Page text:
CMS – Sacroiliac Joint Injections

CMS – Sacroiliac Joint Injections

by abilling, November 1, 2015

Date:  2015-11-01

Contact:  CMS Local Coverage Determination (LCD) #L34443


Coverage Indications, Limitations, and/or Medical Necessity

The sacroiliac (SI) joint is formed by the articular surfaces of the sacrum and iliac bones. The SI joints bear the weight of the trunk and as a result are subject to the development of strain and/or pain. Low back pain of SI joint origin is a difficult clinical diagnosis and often one of exclusion. Injection of local anesthetic or contrast material is a useful diagnostic test to determine if the SI joint is the pain source. If the cause of pain in the lower back has been determined to be the SI joint, one of the options of treatment is injecting steroids and/or anesthetic agent(s) into the joint. Therapeutic injections of the SI joint would not likely be performed unless other noninvasive treatments have failed.

Image guidance is crucial to identify the optimal site for access to the joint. Fluoroscopy is often the imaging method of choice. Once the specific anatomy is identified, the needle tip is placed in the caudal aspect of the joint and contrast material is injected. Contrast fills the joint, confirming accurate placement of the needle into the joint. Procedure code 27096 describes the injection of contrast for radiologic evaluation associated with SI joint arthrography and/or therapeutic injection of an anesthetic/steroid. Since fluoroscopy is the key to precision diagnostic injections and accurate therapeutic injections, procedure code 27096 should only be reported when imaging confirmation of intra-articular needle positioning has been performed. Alternatively, many practitioners choose to use CT guidance as the imaging method of choice to guide the needle and confirm intra-articular positioning. CT guidance provides a more complete assessment of posterior osteophytes that can block access to the joint; additionally, because the SI joint is complex, the spatial information provided by CT can allow quicker, more accurate placement of the needle into the joint in more challenging cases. As such, some practitioners choose to use CT guidance on all patients. With CT guidance, injection of contrast into the joint is not necessary, injection of contrast could reduce the volume of medication that can be placed into the joint.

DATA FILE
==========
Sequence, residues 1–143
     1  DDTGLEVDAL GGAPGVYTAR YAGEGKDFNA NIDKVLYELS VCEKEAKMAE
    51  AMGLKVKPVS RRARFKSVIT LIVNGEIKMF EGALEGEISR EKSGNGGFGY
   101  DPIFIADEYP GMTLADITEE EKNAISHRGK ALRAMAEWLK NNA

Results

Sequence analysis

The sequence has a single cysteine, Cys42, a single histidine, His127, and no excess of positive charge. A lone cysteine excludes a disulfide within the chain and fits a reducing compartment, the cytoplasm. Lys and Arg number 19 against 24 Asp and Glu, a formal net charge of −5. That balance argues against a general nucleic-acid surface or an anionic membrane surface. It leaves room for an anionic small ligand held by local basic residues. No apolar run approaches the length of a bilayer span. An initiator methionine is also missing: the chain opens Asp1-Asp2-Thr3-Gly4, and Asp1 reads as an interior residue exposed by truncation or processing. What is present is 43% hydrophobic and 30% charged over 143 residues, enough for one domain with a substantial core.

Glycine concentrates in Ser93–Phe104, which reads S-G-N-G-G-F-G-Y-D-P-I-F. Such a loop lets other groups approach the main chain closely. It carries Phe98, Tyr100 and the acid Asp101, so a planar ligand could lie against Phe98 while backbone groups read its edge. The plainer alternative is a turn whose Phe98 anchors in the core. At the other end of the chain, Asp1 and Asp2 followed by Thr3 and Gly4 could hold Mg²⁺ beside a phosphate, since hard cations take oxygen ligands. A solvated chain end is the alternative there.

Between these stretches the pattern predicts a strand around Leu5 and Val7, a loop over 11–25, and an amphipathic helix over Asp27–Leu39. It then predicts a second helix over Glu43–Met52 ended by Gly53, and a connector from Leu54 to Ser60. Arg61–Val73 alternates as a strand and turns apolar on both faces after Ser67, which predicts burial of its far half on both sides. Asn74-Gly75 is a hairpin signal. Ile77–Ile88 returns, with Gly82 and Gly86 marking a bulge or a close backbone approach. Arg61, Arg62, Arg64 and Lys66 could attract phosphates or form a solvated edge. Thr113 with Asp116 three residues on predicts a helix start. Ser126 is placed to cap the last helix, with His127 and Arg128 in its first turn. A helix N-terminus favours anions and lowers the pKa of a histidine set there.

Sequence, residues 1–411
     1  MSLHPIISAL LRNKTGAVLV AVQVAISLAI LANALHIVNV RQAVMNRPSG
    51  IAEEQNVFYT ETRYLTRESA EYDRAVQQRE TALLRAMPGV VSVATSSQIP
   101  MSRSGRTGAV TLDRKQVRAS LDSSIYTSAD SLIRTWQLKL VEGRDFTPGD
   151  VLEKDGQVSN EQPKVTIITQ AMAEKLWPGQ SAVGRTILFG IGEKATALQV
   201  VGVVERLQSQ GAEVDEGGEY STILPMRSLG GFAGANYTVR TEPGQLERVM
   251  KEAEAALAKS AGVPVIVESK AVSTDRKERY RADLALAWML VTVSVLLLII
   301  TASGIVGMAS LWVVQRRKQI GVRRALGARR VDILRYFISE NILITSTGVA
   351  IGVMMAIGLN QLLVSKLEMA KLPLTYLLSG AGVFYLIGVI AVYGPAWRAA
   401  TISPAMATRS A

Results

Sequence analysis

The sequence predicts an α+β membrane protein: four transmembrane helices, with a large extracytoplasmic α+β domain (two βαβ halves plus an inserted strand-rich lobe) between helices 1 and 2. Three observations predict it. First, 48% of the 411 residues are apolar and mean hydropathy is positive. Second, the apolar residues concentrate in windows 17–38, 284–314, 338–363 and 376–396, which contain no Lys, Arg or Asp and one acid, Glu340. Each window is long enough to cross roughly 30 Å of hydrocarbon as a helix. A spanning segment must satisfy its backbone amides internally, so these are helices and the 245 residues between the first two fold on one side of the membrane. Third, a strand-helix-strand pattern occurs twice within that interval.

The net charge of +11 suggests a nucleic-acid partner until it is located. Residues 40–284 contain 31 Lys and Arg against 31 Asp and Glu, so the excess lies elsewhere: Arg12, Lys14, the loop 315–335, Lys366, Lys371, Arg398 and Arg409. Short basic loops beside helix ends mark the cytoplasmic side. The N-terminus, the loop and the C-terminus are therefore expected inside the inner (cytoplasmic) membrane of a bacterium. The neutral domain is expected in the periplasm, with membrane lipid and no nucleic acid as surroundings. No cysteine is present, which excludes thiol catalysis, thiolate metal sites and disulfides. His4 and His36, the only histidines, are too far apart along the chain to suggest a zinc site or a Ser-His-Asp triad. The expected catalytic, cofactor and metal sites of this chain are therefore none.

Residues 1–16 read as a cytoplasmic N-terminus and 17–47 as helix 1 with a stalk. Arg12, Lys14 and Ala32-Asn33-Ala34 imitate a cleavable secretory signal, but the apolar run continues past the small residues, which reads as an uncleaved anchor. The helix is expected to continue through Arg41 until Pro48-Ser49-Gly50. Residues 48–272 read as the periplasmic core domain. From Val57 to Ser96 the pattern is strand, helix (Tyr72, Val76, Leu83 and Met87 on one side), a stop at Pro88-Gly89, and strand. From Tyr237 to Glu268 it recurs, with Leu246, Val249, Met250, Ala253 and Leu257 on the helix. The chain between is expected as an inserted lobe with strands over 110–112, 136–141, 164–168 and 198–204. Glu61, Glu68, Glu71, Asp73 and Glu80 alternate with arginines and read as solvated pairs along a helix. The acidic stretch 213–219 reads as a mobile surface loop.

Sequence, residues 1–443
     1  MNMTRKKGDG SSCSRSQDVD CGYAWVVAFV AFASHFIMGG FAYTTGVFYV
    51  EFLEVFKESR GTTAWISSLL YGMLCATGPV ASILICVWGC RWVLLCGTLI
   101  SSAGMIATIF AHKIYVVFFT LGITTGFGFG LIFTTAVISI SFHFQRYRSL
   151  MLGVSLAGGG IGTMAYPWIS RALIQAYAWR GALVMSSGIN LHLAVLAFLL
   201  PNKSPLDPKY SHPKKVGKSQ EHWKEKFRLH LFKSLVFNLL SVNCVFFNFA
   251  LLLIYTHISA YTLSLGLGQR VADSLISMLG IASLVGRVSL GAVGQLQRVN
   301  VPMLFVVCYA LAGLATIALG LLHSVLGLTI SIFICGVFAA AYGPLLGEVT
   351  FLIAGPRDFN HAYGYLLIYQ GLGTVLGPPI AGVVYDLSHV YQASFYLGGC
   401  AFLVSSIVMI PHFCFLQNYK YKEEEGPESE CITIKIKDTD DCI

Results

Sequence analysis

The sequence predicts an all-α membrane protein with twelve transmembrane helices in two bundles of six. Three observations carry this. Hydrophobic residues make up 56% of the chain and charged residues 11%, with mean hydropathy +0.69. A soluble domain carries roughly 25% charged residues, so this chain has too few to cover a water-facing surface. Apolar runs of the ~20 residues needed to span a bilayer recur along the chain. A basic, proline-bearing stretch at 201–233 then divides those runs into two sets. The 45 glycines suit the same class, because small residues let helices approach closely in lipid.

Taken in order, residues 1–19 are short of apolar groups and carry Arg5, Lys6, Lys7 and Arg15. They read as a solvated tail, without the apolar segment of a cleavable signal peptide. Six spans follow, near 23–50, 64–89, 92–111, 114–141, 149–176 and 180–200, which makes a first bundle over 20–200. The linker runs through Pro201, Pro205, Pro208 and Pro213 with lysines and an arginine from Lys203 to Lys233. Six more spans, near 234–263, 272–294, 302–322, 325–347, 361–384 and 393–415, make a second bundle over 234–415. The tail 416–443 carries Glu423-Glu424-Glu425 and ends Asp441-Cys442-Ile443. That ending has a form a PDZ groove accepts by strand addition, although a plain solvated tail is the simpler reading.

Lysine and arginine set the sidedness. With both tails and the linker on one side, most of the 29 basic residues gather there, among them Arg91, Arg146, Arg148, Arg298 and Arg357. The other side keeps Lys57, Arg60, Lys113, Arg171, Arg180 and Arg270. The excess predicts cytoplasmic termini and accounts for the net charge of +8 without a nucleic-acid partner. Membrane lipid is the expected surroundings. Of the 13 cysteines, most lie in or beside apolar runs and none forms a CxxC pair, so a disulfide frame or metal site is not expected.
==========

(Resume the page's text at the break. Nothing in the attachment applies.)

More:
Medicare will consider the injection procedure of the SI joint medically reasonable and necessary when it is used for imaging confirmation of intra-articular needle positioning for arthrography with or without therapeutic injection. In addition, Medicare will consider the injection procedure of the SI joint medically necessary when an injection is given for therapeutic indications, such as injection of an anesthetic and/or steroid, to block the joint for immediate and potentially lasting pain relief. When therapeutic injections of the SI joint are performed, it would be expected that the record reflects noninvasive treatments (i.e., rest, physical therapy, NSAID’s, etc.) have failed.

Pulsed radiofrequency for denervation is considered investigational and therefore, not medically necessary.

Sacro-iliac joint/nerve denervation procedures are also considered investigational and not medically necessary.

It is not appropriate to use CPT code 20610, Arthrocentesis, aspiration and/or injection; major joint or bursa (e.g., shoulder, hip, knee joint, subacromial bursa) ); without ultrasound guidance or CPT code 20611 Arthrocentesis, aspiration and/or injection, major joint or bursa (eg. shoulder, hip, knee, subacromial bursa); with ultrasound guidance, with permanent recording and reporting for SI joint injections.



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